Head in the cloud with Microsoft Office
After spending the day with the new Microsoft Office, our head is firmly in the cloud.
You may be thinking we mean 'clouds' but we don't. For the cloud - the name given to how files and applications are stored online - is at the heart of the new software suite.
Documents are automatically saved to Microsoft's cloud storage service, SkyDrive. So if you're working on something at home you can pick it up in the office - all without a wire or an email attachment in sight.
Microsoft showed its hipster credentials with the touchscreen interface of Windows 8, and the technology is a major feature of the new Office. Word, Excel, PowerPoint and Outlook have been suitably overhauled to work with tablets and touch-enabled laptops.
And for those who aren't as keen on a world of swiping and pinching, the classic keyboard/mouse combo also remains.
But touch is rightly hogging the headlines.
Microsoft CEO Steve Ballmer said the new Office "will fully light-up when paired with Windows 8" and its interface keeps perfect time with Windows 8's coloured tiles, which always bring to mind Saturday Night Fever.
That probably says more about me than it does Windows 8 though, but if you're going to rip me for my love of flares and medallions I may as well keep the link going for a second.
Like Tony Manero, the new Office looks lean and it looks mean whether at work or play. Unlike Tony Manero, you can now run your hands all over it.
But how do we get our fingers and thumbs on Microsoft's new baby?
Well, it comes in a number of versions. The subscription-based Office 365 Home Premium has been the media darling of the launch, but it also comes in packages which can be purchased outright, including Office Home & Student 2013, Office Home & Business 2013 and Office Professional 2013.
Those opting to pay an annual subscription with Office 365 Home Premium will get one year's access on up to five PCs, Macs, laptops or tablets, and if your circumstances change, so can the devices you've registered - easy.
Home Premium also delivers more SkyDrive storage, with an additional 20GB included for those with big appetites for data.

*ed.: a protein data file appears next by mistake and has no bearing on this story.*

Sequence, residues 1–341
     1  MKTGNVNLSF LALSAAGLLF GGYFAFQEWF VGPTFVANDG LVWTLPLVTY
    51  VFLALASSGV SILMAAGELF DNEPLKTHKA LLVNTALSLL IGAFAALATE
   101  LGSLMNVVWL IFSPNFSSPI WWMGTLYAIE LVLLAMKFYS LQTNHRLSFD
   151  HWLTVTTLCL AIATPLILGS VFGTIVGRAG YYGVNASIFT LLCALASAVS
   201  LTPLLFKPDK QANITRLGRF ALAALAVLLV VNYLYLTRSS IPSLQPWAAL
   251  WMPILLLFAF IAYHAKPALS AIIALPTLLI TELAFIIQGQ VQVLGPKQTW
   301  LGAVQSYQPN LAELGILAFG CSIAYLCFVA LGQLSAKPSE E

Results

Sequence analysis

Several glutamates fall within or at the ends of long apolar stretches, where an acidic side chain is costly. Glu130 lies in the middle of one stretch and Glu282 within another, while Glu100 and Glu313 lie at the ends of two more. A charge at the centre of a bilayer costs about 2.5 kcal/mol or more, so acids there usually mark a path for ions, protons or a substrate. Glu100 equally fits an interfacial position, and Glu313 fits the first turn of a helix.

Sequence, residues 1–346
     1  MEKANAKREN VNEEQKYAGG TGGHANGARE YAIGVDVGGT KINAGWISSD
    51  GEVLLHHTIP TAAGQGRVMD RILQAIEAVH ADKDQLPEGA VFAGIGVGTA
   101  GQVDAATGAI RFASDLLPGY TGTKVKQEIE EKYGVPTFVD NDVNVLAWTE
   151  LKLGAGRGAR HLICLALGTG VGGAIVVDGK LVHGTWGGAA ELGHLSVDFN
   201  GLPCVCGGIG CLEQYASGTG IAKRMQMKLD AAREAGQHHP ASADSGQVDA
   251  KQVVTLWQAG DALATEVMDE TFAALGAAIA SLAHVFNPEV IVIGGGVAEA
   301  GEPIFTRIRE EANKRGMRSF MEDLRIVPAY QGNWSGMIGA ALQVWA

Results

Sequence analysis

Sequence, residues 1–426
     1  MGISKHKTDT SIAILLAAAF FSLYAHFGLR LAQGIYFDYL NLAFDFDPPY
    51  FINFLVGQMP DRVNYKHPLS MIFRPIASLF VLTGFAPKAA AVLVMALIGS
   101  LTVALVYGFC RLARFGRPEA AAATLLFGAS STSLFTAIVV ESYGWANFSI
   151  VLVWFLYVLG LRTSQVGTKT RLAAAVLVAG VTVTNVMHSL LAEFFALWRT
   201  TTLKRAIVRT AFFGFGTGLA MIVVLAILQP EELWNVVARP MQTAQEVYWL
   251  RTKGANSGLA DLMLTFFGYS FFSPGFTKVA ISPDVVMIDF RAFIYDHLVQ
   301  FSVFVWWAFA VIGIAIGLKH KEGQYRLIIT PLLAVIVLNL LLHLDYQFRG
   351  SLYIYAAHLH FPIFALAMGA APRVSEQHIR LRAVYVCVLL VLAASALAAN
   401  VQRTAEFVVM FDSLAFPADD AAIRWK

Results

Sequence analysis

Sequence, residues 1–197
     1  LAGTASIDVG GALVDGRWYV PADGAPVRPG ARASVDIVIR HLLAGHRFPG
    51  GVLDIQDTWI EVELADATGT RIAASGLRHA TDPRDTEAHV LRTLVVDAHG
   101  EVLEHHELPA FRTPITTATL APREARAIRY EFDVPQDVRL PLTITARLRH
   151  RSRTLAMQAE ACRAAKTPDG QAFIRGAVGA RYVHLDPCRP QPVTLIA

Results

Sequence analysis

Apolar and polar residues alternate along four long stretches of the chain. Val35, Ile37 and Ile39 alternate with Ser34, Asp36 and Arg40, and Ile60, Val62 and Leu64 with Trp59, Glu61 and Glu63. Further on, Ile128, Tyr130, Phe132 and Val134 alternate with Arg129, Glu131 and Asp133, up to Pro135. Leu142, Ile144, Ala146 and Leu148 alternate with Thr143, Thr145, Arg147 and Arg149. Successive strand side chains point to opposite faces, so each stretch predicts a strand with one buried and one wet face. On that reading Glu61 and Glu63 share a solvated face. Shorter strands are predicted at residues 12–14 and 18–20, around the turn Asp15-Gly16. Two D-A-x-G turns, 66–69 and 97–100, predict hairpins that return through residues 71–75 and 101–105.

Microsoft launched the new Office in central London, alongside figures showing how the cloud was revolutionising our working lives. A poll of 2,000 people found 44% felt mobile technology such as cloud working had improved their working lives, while a similar percentage said it had freed up more of their time.
And what do we like doing with our free time? Chatting to friends online via Skype and Twitter, of course. Whether using our tablet or laptop, we're never more than a swipe from social networking sites these days.
Microsoft has recognised this, and blended social networking into Office thanks to a Twitter plug in which allows us to keep tabs on friends' tweets as well as those of the celebs we're stalking.
But sometimes what you want to say just cannot be crafted into a 140-character tweet. As Bob Hoskins once said: "it's good to talk" - and Skype is all about talking. The video-calling service has revolutionised how we chat, so it's only natural it appears on the revolutionary Office.
All work and no play makes Jack a dull boy, but all play and no work leaves him skint. The new Office boasts many features to make our working lives easier, such as the option to take notes with touch, pen or keyboard and keep them in the cloud. Word offers new Object Zoom for viewing tables and charts, while Excel brings Flash Fill for formatting.
Jaw-dropping innovations unveiled at CES 2013 have started the
year in true rip it up and start again fashion, and the new Office
captures the year-zero punk spirit of the times.
Vive Le Rock.
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